Digitally Restored and Newly Digitized Films

The selected films are restored to the way they were when they were first released in cinemas. Thanks to digitisation, the films are more accessible and reach a wider audience.

The aim of the digital restoration is to make the film as close as possible to the way the audience could see it when it was first shown. To find out what a particular film looked like when it was shown on screen, we first conduct extensive research in historical sources and surviving materials. We then select the materials that will best serve as a source for digitisation. The digitisation itself is carried out in an external studio, most often at UPP. We place the film print back in the safety of the depository and continue to work on the digitised form - digitally removing those elements that were demonstrably not present at the time of the first screening and matching the film to the colour tones (grading) that the original material had.

What's the difference between digital restoration and digitisation? It's a similar process whereby the source material is scanned - which is then returned to the depository - and then the image and sound impurities that were not originally part of the work are digitally removed. Digital restoration is more challenging, however, because it is preceded by detailed research and investigation into film and non-film materials, including foreign materials. Both processes lead to making classic films accessible in the current digital environment, while the original film materials continue to be preserved with care in the depository so that they can continue to be used for future projects.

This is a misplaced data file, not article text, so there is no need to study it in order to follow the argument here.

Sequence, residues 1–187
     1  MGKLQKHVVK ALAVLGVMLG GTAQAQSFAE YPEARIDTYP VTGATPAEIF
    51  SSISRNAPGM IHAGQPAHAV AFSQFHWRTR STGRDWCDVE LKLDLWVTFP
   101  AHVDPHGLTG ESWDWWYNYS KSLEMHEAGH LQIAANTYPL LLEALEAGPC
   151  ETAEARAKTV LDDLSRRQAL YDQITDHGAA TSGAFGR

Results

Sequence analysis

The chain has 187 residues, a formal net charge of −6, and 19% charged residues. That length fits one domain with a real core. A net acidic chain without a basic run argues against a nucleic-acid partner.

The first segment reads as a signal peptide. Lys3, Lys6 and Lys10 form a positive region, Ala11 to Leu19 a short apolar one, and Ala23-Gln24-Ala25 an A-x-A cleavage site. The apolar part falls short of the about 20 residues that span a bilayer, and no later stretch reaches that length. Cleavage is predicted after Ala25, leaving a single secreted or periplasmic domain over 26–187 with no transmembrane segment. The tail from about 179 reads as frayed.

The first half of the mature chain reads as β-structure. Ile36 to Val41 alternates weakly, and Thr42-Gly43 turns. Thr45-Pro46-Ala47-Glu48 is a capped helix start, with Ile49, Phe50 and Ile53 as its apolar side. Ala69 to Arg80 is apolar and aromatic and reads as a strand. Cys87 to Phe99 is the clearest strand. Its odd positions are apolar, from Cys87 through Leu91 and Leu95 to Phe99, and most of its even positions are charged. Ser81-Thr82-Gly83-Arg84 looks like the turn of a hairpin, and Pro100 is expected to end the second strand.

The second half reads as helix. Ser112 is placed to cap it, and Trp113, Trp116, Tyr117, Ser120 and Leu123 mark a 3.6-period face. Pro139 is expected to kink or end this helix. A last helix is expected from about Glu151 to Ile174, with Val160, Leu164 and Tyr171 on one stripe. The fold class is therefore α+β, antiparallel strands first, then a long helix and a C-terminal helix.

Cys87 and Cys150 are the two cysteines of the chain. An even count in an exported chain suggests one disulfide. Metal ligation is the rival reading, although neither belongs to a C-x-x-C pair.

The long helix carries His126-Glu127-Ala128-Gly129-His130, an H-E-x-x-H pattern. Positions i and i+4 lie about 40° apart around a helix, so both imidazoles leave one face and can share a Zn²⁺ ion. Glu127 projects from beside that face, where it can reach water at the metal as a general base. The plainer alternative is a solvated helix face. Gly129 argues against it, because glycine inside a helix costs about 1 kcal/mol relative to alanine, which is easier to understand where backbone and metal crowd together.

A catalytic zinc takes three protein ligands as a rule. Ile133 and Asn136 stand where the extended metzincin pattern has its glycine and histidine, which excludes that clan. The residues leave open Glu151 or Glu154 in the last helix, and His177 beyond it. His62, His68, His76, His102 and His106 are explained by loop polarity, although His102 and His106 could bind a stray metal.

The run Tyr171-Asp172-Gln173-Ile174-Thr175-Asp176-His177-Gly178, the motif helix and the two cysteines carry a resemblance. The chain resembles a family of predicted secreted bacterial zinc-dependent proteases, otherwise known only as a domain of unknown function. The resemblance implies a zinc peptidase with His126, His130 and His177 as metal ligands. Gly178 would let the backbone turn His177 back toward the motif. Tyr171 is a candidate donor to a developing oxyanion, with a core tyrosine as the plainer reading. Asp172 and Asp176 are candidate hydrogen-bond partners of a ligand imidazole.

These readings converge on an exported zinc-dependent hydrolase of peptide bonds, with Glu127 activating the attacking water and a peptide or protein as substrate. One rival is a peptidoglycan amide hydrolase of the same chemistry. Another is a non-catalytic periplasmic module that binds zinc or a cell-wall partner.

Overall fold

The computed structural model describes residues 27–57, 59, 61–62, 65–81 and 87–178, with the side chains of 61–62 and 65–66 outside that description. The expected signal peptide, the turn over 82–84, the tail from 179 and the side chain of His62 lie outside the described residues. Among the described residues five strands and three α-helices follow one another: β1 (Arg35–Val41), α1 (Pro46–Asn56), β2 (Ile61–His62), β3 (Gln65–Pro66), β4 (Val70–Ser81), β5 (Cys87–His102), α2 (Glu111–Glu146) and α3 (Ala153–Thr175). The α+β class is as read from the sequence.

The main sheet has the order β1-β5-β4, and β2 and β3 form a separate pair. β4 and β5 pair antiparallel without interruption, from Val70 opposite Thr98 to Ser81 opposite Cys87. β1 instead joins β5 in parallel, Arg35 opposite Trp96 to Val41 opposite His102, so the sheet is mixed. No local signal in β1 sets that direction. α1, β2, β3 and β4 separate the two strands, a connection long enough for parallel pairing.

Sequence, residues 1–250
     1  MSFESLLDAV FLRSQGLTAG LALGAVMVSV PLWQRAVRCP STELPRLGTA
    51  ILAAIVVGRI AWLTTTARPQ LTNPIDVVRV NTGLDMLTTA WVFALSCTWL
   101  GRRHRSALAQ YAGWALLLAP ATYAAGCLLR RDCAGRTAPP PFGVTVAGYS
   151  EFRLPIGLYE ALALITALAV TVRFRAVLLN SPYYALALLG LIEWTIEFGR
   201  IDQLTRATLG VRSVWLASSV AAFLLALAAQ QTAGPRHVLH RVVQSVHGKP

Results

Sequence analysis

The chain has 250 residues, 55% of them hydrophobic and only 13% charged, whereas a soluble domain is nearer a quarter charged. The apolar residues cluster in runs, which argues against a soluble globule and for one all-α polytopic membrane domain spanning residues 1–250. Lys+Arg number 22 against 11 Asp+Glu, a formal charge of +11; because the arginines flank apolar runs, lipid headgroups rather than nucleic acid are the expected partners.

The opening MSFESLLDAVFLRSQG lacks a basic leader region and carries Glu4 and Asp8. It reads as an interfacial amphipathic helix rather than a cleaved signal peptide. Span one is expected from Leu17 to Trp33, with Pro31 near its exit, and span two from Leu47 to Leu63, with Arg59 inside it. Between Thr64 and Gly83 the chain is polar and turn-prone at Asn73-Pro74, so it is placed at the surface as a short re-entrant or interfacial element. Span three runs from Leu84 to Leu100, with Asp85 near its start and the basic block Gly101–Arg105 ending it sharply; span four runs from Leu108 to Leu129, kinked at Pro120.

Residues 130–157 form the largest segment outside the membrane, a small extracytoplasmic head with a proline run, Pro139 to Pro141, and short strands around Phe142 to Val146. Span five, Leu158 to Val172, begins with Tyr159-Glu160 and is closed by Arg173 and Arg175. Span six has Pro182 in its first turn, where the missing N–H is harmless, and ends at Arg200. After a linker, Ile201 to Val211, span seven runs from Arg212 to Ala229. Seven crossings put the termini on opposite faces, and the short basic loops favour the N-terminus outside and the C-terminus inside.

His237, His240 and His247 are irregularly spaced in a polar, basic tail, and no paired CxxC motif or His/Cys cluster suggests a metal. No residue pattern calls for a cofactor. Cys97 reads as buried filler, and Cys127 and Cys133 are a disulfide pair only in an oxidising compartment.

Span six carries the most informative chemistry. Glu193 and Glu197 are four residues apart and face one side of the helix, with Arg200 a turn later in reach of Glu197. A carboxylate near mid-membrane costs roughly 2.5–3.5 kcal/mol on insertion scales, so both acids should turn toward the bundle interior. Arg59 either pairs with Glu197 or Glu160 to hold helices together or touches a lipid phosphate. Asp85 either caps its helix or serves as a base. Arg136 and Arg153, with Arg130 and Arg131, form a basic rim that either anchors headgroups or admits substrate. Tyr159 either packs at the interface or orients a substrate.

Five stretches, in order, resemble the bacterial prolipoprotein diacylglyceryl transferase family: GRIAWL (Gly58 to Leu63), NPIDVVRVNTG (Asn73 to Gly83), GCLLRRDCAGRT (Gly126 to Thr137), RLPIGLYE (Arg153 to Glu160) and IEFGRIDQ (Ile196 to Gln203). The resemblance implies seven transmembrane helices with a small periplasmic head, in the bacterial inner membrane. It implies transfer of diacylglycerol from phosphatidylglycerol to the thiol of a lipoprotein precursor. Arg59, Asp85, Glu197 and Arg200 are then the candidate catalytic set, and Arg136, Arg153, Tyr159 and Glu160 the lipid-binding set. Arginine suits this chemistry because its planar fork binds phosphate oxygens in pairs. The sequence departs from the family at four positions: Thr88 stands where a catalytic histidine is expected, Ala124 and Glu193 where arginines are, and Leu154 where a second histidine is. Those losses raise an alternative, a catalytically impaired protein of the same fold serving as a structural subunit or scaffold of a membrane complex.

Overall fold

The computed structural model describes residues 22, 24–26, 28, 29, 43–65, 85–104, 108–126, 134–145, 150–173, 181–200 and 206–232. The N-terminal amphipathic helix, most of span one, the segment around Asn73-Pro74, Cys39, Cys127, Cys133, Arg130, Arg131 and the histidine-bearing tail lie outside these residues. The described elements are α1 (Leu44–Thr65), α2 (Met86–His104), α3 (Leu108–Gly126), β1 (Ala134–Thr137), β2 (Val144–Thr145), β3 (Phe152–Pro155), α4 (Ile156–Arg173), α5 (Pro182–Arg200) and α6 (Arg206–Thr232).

Thanks to the financial support of Eduard Kučera and Milada Kučerová and the cooperation with the Karlovy Vary International Film Festival and UPP, the Národní filmový archiv is able to make available a constantly developing portfolio of classic film gems.

Digitally restored films